The Generation of the Desert
The Book of Numbers opens with a description of the physical layout of the Israelite encampment at the foot of Mount Sinai. In the center stands the mishkan - the tabernacle - surrounded by the dwellings of the Levite families whose responsibility it is to tend to the tabernacle and its vessels. On the four sided perimeter of the encampment are the dwellings of the twelve tribes. Three tribes each encamp on each of the four sides: east, west, north and south. Side by side they dwell, each tribe bearing its own distinct standard. The nation is secure from enemies without, and facing toward the tabernacle and the shechinah - the presence of Hashem from within. The cloud of glory accompanies the Israelites. When it departs, the nation strikes their tents. When it draws nigh, the nation sets up camp. Even the heathen prophet Bilaam recognized the sanctity of the Israelite nation. He uttered these words which Jews repeat every day in the morning service: "How good are your tents, Yaakov; your dwelling-places, Yisrael." (Numbers 24:5) Our sages teach us that perched upon a mountain top, Bilaam was struck by the fact that the Israelite tents were staggered in such a manner as to ensure modesty: peering out one's own tent, one could never accidently look into another's.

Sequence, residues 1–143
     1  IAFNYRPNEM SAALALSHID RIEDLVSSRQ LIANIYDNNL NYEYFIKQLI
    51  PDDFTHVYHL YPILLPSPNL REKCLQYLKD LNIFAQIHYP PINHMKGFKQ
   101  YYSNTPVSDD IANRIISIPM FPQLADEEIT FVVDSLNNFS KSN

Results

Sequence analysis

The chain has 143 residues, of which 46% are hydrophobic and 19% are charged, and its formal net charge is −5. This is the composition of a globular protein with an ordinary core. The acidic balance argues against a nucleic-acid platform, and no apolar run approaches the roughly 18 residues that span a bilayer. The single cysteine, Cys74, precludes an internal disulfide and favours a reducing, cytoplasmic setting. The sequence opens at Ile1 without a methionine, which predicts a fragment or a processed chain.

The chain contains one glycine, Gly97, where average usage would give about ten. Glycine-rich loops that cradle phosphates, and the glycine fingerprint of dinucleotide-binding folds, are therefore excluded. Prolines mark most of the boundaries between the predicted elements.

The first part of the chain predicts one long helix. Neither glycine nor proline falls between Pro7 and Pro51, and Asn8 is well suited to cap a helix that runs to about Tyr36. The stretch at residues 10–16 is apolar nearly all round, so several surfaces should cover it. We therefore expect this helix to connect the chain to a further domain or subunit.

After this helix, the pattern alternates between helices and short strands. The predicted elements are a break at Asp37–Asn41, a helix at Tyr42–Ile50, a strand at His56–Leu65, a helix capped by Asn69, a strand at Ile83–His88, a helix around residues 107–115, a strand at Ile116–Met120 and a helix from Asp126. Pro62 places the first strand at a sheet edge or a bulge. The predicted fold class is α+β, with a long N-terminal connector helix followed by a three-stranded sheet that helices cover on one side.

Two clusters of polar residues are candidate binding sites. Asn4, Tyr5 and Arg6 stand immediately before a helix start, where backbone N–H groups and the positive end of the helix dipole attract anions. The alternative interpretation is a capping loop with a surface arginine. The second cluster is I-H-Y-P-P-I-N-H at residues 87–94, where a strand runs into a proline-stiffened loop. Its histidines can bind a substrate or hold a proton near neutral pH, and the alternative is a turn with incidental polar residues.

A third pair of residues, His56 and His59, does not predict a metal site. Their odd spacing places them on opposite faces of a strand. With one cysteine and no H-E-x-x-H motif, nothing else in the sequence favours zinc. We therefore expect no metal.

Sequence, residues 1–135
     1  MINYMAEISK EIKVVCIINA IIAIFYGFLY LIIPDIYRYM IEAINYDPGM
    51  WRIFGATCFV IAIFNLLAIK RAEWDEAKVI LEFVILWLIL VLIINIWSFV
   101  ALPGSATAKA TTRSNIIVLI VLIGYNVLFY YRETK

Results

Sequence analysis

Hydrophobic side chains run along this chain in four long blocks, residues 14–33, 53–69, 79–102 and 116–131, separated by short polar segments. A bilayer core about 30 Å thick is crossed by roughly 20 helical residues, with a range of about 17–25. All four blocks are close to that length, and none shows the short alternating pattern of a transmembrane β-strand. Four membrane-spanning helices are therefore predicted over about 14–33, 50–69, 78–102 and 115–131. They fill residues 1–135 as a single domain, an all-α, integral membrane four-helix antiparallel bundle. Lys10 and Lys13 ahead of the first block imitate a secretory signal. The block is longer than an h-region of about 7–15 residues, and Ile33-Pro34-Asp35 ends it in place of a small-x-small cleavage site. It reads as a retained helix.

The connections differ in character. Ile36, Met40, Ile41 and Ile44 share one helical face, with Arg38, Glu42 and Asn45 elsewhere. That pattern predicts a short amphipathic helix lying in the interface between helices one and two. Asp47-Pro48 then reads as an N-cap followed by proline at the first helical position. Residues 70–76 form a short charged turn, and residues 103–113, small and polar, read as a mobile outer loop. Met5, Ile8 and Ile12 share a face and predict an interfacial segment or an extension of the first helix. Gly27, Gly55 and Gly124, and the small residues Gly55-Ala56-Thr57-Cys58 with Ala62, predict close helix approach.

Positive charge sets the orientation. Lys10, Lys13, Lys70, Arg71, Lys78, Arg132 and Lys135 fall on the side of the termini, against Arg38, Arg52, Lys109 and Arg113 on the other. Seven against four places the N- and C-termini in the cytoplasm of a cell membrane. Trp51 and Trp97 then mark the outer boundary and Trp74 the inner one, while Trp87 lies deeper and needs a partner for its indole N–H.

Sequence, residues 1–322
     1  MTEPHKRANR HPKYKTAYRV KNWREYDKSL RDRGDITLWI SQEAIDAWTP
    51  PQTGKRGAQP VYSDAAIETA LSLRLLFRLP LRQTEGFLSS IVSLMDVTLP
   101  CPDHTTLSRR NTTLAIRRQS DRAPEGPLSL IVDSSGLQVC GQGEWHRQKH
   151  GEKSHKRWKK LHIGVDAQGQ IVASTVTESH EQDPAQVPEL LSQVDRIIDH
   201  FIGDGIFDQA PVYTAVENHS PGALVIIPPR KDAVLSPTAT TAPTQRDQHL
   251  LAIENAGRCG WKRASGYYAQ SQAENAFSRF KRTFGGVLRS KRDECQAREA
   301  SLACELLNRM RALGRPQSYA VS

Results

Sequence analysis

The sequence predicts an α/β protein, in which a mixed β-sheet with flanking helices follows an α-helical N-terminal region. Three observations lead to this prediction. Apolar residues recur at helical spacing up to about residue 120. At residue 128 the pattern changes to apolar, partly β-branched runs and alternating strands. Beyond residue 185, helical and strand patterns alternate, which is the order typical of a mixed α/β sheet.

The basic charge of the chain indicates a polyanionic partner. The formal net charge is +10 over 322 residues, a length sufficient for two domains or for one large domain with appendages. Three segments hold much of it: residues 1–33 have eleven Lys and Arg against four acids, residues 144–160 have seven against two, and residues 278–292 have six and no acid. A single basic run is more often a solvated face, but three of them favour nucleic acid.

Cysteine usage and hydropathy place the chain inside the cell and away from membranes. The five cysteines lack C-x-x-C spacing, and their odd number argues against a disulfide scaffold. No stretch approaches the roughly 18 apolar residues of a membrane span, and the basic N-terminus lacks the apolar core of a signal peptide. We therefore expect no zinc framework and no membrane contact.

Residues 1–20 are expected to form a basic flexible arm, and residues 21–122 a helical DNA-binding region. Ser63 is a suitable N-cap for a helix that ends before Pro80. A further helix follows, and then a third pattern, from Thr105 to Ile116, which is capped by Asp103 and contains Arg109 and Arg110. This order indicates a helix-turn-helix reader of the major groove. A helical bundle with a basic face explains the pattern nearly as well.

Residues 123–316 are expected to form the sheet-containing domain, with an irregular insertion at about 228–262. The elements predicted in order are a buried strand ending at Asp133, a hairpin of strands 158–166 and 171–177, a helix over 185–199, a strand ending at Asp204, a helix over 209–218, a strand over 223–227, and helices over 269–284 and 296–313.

A level of peace and tranquility has been attained that we today can only dream of and pray for. Yet, as the Book of Numbers unfolds we are witness to ever increasing turmoil within the camp. Envy and greed take hold of certain people. Power struggles and fighting break out. Finally, the entire well-being and destiny of the nation are in jeopardy as the spies bring back an evil report from the promised land. What went wrong? After all, this was the generation that traversed the Sea of Reeds! These were the people that stood at the foot of Mount Sinai and received Torah! These were the children of G-d who ate the manna - food, as it were, from G-d's own table!
The Torah is predicated on the understanding that man - the crown in G-d's creation, the apple of His eye - is only human, in the fullest sense of the word. As humans we make mistakes, we stumble. We are susceptible to fits of foolishness. We separate ourselves from G-d. We let ourselves down. Torah not only sets before us a way of living according to G-d's will, it also prescribes for us ways to extricate ourselves from our own self-laid snares and traps.
This week's Torah reading of Naso (Numbers 4:21-7:89) discusses the matter of the sota - the accused adulteress. This sensitive subject was discussed by Rabbi Chaim Richman at great length on this week's Temple Talk. Our listeners also took an active role in the teaching via the virtual studio. Many insights on many levels were revealed. Many "life lessons" were learned. The subject of the sota is not one which lends itself to the usual encapsulated format of our weekly newsletter. All who wish to learn more are invited to listen to Temple Talk.
Also discussed on Temple Talk were the laws of the nazir - the nazerite, as well as the priestly blessing, (an element of the daily Temple service that continues today), the silver trumpets, the golden menorah, and the copper laver, all of which are referred to in the Torah readings of Naso and Beha'alotcha.
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